Wednesday, June 22, 2011

Homeless No More

Last Saturday, Max Melitzer's life and world changed. Max started out the day the same way he had for at least four years - pushing a shopping cart that contained his few possessions, roaming the streets of Salt Lake City, Utah, eating at rescue missions, and sleeping outside.

Max had no home and no hope...until Saturday. As Max pushed his shopping cart through Pioneer Park, a man approached him and asked if they could sit and talk. Max sat down on a park bench and received the news that his brother who had died of cancer last year left him a significant amount of money in his will. Max knew that his brother had died, but had no idea that he had been included in his brother's will.

David Lundberg, the private detective hired by the Melitzer family to find Max, told the Associated Press, "He'll no longer be living on the street or in abandoned storage sheds. He'll be able to have a normal life, and be able to have a home, provide for himself, and purchase clothing, food and health care."

Last Saturday, Max sat down a poor man and stood up a rich man. He had done nothing to improve the status of his life. Nor was it blind luck that reversed his course. Max's life changed because of a generous gift from someone who loved him more than he realized.

Max knew that his brother had died. But he didn't know that his brother's death turned the tumblers that opened a vault that would change his destiny.

You probably have some level of knowledge regarding the person named Jesus of Nazareth. The Christ. The Messiah. It is also quite likely that you have been informed that Jesus died on a cross 2,000 years ago.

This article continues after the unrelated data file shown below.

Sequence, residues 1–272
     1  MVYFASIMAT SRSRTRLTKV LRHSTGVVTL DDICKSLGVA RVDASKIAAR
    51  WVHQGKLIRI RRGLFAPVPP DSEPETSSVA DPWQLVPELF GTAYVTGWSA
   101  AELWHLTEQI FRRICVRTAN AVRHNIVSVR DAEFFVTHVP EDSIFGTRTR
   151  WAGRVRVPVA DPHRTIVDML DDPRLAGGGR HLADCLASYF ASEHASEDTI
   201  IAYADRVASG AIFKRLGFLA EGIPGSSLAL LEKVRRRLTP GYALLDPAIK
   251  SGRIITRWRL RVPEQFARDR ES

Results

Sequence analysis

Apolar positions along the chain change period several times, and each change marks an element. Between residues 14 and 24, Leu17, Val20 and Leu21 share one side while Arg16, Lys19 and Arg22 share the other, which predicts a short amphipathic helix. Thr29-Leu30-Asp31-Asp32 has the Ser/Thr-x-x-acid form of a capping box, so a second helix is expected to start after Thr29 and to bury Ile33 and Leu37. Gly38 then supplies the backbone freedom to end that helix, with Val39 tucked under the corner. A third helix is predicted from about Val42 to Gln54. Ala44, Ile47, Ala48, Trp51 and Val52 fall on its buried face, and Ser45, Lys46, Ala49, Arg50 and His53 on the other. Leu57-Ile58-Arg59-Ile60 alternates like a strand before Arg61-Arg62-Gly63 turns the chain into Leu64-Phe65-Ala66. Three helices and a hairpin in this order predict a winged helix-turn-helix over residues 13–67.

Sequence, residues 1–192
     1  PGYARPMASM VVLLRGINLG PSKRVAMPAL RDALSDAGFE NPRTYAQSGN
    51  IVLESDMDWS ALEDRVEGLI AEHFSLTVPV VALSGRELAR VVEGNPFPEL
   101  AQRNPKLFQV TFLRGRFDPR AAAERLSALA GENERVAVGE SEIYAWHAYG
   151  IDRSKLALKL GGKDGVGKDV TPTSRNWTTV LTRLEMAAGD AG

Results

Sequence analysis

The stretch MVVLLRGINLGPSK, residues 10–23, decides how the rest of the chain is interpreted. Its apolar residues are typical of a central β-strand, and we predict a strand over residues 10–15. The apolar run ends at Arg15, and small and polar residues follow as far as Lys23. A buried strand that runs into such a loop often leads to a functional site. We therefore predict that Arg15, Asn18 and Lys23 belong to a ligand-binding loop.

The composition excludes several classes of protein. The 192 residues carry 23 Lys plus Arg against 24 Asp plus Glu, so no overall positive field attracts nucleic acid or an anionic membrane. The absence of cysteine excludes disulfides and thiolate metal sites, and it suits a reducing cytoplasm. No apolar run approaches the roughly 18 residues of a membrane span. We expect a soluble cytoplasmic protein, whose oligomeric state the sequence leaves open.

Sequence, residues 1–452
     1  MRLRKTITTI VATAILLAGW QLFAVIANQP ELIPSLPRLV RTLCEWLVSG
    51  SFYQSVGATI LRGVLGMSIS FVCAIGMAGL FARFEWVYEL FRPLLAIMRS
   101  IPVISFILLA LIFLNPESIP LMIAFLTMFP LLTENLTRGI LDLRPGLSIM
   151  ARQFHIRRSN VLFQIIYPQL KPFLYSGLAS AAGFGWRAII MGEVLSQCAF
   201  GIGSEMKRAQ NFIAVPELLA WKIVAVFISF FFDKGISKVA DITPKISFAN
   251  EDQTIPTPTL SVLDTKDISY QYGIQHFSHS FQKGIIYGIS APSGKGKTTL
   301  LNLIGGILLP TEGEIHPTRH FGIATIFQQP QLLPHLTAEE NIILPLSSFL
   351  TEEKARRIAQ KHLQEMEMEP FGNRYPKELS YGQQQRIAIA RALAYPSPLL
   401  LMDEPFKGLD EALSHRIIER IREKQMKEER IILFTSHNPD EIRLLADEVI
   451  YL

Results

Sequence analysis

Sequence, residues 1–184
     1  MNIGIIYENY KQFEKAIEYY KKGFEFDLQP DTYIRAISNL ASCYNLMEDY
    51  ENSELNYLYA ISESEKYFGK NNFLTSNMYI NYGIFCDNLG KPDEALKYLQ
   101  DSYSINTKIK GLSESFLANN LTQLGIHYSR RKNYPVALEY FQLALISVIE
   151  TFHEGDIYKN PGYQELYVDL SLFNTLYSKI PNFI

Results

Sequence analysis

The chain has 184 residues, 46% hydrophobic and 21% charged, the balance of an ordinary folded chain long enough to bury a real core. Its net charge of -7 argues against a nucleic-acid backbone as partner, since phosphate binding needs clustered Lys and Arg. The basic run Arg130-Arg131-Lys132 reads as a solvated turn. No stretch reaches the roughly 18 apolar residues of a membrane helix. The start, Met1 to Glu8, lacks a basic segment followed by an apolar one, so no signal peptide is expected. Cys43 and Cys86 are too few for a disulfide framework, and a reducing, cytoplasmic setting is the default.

But did you know...

•Jesus loves you more than you realize?

•Jesus was heaven's generous gift to you that opened an eternal inheritance you could never earn or repay?

•Jesus' death turned the tumblers that opened heaven's vault that could change your forever destiny if you will accept Him by faith?

Max received an inheritance from someone who loved him. An inheritance that came only after death. Max has a choice. He can either accept or refuse the gift. But how could he turn away from that sacrificial gift of love without rejecting the giver? I'm sure that Max feels unworthy and humbled by the gift. But I'm also sure that he loves his brother now more than ever because he knows how much his brother truly loved him.

Your response to Jesus is the same. You have the same options Max has, yet with eternal implications and consequences. I yearn to testify that I have accepted the sacrificial gift from Jesus, though no one is less worthy of it or more humbled by it.

Jesus loves me, this I know - for the cross tells me so.
Perry Crisp

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